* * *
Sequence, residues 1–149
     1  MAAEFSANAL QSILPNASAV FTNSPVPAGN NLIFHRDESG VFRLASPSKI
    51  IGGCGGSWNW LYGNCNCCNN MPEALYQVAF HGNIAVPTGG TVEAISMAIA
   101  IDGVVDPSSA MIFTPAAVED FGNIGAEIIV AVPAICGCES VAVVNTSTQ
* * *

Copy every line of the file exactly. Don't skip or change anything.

Sequence, residues 1–149
     1  MAAEFSANAL QSILPNASAV FTNSPVPAGN NLIFHRDESG VFRLASPSKI
    51  IGGCGGSWNW LYGNCNCCNN MPEALYQVAF HGNIAVPTGG TVEAISMAIA
   101  IDGVVDPSSA MIFTPAAVED FGNIGAEIIV AVPAICGCES VAVVNTSTQ